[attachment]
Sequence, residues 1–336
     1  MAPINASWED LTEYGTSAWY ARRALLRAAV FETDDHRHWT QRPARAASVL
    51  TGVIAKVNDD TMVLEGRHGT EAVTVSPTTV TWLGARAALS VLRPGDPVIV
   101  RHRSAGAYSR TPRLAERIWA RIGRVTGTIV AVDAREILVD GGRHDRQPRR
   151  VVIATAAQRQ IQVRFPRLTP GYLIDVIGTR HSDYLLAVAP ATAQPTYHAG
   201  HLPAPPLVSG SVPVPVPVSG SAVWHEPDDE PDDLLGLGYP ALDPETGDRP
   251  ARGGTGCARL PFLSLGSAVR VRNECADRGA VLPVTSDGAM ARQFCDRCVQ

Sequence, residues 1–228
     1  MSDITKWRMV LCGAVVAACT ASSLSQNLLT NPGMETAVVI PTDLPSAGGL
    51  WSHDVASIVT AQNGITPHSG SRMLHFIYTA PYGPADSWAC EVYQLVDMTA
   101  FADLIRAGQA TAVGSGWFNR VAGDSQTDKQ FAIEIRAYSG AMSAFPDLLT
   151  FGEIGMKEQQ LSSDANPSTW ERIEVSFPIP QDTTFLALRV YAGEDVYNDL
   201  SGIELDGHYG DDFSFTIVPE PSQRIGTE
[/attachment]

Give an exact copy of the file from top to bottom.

Sequence, residues 1–336
     1  MAPINASWED LTEYGTSAWY ARRALLRAAV FETDDHRHWT QRPARAASVL
    51  TGVIAKVNDD TMVLEGRHGT EAVTVSPTTV TWLGARAALS VLRPGDPVIV
   101  RHRSAGAYSR TPRLAERIWA RIGRVTGTIV AVDAREILVD GGRHDRQPRR
   151  VVIATAAQRQ IQVRFPRLTP GYLIDVIGTR HSDYLLAVAP ATAQPTYHAG
   201  HLPAPPLVSG SVPVPVPVSG SAVWHEPDDE PDDLLGLGYP ALDPETGDRP
   251  ARGGTGCARL PFLSLGSAVR VRNECADRGA VLPVTSDGAM ARQFCDRCVQ

Sequence, residues 1–228
     1  MSDITKWRMV LCGAVVAACT ASSLSQNLLT NPGMETAVVI PTDLPSAGGL
    51  WSHDVASIVT AQNGITPHSG SRMLHFIYTA PYGPADSWAC EVYQLVDMTA
   101  FADLIRAGQA TAVGSGWFNR VAGDSQTDKQ FAIEIRAYSG AMSAFPDLLT
   151  FGEIGMKEQQ LSSDANPSTW ERIEVSFPIP QDTTFLALRV YAGEDVYNDL
   201  SGIELDGHYG DDFSFTIVPE PSQRIGTE